#1 Can i still break into IB even without any financial background at all?
    #2 If i do manage to get an internship will all the necessary financial modeling be taught in the training course, or should i try to self teach myself(like maybe with biws) ?

    • says

      1) No probably not unless you have a crazy connection or get experience + do an MBA or do corporate law for a few years.

      2) Depends on the bank and group; at larger banks you might get decent training, at smaller places it’s very hit-or-miss.

  22. HY says

    Amazing site. I’ve subscribed to your newletters and I read your site regularly to keep me on my toes and motivated about studies and stuff.

    Thanks for putting in so much effort for monkeys like us. Totally appreciate it =)

  23. Yacine says

    Would first like to give tremendous thanks for all of the help this site has provided, in only a few hours of glossing over. What a resource you have created Brian.

    As for my question, I wanted to know how my chances of getting into IBD are coming from Penn Non-Wharton. I will be a freshman this Fall. Would you consider this a target, in your experience? I’ve heard both sides. On the upside, I get access to all or most of Wharton recruiting, and Wharton and Penn use the same Career Services Dept. On the downside, the competition for me at Penn as an Econ major in the College (and not Wharton) is monstrous. As for my other options, it was Cornell Arts and Sciences (Econ again) or Emory Goizueta Business. Duke and Dartmouth are slim possibilities if admitted from waitlist.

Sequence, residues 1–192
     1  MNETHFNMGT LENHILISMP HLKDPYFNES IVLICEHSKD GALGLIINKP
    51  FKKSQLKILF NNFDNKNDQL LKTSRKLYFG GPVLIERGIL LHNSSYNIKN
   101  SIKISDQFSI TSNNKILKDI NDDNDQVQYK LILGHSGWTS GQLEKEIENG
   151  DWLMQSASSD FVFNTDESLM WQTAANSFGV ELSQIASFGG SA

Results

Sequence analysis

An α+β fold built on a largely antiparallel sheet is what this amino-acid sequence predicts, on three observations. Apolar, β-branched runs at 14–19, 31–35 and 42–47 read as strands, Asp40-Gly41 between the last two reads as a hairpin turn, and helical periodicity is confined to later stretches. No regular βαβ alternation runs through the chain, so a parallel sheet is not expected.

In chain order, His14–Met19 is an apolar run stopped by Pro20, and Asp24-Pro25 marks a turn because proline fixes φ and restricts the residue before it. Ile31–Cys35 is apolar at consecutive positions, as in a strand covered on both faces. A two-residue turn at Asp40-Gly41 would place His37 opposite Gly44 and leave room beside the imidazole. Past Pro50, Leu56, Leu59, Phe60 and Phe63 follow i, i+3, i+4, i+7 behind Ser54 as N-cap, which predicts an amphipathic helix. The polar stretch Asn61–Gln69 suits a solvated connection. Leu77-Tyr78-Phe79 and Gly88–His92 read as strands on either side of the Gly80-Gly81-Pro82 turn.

What do you think about my choice and future prospects?

    • says

      I’ve heard it is difficult, but I don’t think Cornell/Duke/Dartmouth would be much better – would stay there if I were you.

  24. J says


    I was wondering if you feel it would be more beneficial to get a MBA from one of the best schools in the world (e.g. Harvard) or get a part time MBA from a top local university?

    I know finance firms typically pick from top MBA programs, but do they mean top around the world or top within their respective country?

    Here’s why I specifically ask:

    1) Assuming I get into a top 10 school (e.g. Wharton) BUT I am not recruited by a finance firm, I will have given up a great career potentially.

    2) I do not wish to work outside of Hong Kong. (am I already being too picky?)

    3) While I recognize that Harvard has a brand name, I wonder if they have extensive enough an alumni network in Hong Kong to be worthwhile? Plus, an MBA there is very expensive and I would also have to take 2 years off (meaning lost work experience). I would also be overseas studying, so I’m not sure how I would network overseas.

    Please kindly let me know what you think.

    • says

      If you want to do IB or PE, get into a top MBA program or don’t do it at all. There are tons of HBS alumni in HK. For fields outside IB/PE, you don’t need a top program.

  25. jay says